"When you are inspired by some great purpose, some extraordinary project, all your thoughts break their bounds. Your mind transcends limitations, your consciousness expands in every direction, and you find yourself in a new, great and wonderful world. Dormant forces, faculties and talents come alive, and you discover yourself to be a greater person by far than you ever dreamt yourself to be."
Maharishi Patanjali Yoga Sutra before 2200 years.
The Street Vendors (Protection of Livelihood and Regulation of Street Vending) Bill, 2012
The articles posted in this blog is complete replica of prsindia.org. The orginisation provides valuable insights on the legislative issues.So, i recommend you all follow this site for more valuable inputs.
The Bill aims to protect
the livelihood rights of street vendors as well as regulate street
vending through demarcation of vending zones, conditions for and
restrictions on street vending.
Any person intending to
undertake street vending needs to register with the Town Vending
Committee (TVC). He may then apply for a vending certificate
that will be issued based on various criteria.
The state government shall
frame a scheme for street vendors. The local authority shall, in
consultation with the planning authority, frame a street vending plan
once every five years.
The TVC comprises of the
municipal commissioner, representatives of street vendors, local
authority, planning authority, local police, resident welfare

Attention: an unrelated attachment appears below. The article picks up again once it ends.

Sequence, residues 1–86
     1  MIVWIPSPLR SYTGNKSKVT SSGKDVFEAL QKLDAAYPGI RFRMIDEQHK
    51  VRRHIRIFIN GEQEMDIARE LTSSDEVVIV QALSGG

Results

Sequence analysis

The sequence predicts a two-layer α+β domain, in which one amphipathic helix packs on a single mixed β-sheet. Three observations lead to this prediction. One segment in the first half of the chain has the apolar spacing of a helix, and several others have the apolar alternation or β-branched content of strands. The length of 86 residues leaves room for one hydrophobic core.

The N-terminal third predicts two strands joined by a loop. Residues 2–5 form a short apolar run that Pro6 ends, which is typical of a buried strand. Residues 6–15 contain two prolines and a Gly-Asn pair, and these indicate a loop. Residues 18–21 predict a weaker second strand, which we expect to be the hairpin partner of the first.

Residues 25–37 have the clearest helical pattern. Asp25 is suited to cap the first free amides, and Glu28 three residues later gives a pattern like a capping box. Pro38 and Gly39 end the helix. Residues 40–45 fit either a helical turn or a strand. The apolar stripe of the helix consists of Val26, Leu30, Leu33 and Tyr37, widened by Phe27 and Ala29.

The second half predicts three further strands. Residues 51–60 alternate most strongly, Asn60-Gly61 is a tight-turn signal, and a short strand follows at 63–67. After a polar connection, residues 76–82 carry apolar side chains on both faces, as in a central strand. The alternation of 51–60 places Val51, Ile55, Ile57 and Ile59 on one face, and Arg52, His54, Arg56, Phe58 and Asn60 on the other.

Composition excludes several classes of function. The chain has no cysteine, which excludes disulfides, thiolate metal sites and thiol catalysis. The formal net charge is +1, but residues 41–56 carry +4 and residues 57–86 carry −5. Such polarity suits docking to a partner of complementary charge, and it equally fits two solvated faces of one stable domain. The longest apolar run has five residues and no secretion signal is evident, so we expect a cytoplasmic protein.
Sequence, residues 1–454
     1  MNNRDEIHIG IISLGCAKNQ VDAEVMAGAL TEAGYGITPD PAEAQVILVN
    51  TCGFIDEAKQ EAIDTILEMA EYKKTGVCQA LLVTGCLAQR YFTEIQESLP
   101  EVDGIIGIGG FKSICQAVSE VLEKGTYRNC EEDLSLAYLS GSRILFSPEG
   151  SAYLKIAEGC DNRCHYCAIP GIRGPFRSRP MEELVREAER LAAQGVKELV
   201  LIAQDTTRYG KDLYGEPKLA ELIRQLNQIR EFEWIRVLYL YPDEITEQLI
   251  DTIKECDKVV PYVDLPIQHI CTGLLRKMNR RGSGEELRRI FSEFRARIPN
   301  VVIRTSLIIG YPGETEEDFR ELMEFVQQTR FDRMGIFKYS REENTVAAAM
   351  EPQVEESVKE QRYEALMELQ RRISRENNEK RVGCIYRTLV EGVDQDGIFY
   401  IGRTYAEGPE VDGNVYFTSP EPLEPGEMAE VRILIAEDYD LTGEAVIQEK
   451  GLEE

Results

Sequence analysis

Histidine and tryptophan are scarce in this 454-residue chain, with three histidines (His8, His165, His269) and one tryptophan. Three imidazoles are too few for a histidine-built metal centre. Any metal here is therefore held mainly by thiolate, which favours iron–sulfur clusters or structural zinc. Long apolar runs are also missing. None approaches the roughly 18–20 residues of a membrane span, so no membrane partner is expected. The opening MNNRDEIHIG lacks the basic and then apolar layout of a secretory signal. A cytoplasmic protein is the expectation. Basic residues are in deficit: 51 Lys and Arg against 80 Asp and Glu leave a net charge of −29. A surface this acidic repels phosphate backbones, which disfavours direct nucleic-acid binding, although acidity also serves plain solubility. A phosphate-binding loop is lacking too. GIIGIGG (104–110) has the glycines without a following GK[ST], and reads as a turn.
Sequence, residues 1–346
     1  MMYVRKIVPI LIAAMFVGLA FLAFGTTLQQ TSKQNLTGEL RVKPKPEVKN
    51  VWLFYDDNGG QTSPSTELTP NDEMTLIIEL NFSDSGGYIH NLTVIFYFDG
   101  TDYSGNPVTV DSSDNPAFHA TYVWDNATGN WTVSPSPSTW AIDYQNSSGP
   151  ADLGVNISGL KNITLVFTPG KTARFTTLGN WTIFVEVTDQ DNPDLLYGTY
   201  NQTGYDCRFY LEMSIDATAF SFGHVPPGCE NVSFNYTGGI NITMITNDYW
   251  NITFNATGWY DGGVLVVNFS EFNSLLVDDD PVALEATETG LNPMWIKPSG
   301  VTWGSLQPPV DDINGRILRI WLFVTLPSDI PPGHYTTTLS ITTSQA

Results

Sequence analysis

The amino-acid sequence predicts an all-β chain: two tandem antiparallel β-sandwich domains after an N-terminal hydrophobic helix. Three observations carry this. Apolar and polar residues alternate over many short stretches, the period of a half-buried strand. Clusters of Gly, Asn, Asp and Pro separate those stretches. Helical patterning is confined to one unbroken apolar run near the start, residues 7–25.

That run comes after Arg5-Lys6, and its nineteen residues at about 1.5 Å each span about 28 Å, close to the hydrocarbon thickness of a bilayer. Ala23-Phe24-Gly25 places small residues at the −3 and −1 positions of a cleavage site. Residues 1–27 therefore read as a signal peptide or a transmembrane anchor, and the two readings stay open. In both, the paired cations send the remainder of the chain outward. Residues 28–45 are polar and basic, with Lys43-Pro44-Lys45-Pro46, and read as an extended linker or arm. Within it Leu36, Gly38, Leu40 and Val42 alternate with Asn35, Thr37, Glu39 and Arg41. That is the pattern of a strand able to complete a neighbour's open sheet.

association and other traders associations.
This Bill shall not apply
to Railways land, premises and trains.
Key Issues and
Currently, street vending
is regulated under municipal laws enacted by state legislatures.
Parliament’s competence to legislate on this issue depends on whether
the Bill is interpreted as substantively addressing rights and
obligations of street vendors (Concurrent List) or relating to municipal
zoning (State List).
The Bill does not specify
principles to be followed by governments in issuing vending
certificates, allocating vending zones and the number of vendors per
zone. Absence of such norms could defeat the purpose of enacting
a law to ensure uniformity in the legal framework.
The Bill does not require
the stakeholders to be consulted in the formulation of the street
vending plan. This could lead to a lack of safeguards in
ensuring that plan is determined in a fair manner.
The central law will have
overriding effect on state laws that are inconsistent with the
Bill. Current state laws differ with the Bill in terms of powers
of the TVC, and mechanism for dispute resolution.
The Standing Committee
suggests making the Bill applicable to the Railways, incorporating
specific provisions of the scheme in the Bill, and consultation with
the TVC on the vending plan.